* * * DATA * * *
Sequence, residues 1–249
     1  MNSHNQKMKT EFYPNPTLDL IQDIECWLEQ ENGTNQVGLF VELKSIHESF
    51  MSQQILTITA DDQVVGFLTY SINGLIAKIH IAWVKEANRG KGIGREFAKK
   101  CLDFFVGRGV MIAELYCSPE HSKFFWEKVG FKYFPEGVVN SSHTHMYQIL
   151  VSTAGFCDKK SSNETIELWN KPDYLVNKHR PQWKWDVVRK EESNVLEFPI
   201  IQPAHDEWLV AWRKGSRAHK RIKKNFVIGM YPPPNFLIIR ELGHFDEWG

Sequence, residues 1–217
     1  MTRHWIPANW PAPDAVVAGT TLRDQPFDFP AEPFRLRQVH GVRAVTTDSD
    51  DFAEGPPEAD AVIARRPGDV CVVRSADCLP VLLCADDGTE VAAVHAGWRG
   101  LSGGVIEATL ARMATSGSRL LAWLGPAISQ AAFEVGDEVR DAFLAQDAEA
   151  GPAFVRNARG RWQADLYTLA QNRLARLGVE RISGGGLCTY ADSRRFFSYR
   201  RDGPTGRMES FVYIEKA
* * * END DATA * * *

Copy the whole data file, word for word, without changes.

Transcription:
Sequence, residues 1–249
     1  MNSHNQKMKT EFYPNPTLDL IQDIECWLEQ ENGTNQVGLF VELKSIHESF
    51  MSQQILTITA DDQVVGFLTY SINGLIAKIH IAWVKEANRG KGIGREFAKK
   101  CLDFFVGRGV MIAELYCSPE HSKFFWEKVG FKYFPEGVVN SSHTHMYQIL
   151  VSTAGFCDKK SSNETIELWN KPDYLVNKHR PQWKWDVVRK EESNVLEFPI
   201  IQPAHDEWLV AWRKGSRAHK RIKKNFVIGM YPPPNFLIIR ELGHFDEWG

Sequence, residues 1–217
     1  MTRHWIPANW PAPDAVVAGT TLRDQPFDFP AEPFRLRQVH GVRAVTTDSD
    51  DFAEGPPEAD AVIARRPGDV CVVRSADCLP VLLCADDGTE VAAVHAGWRG
   101  LSGGVIEATL ARMATSGSRL LAWLGPAISQ AAFEVGDEVR DAFLAQDAEA
   151  GPAFVRNARG RWQADLYTLA QNRLARLGVE RISGGGLCTY ADSRRFFSYR
   201  RDGPTGRMES FVYIEKA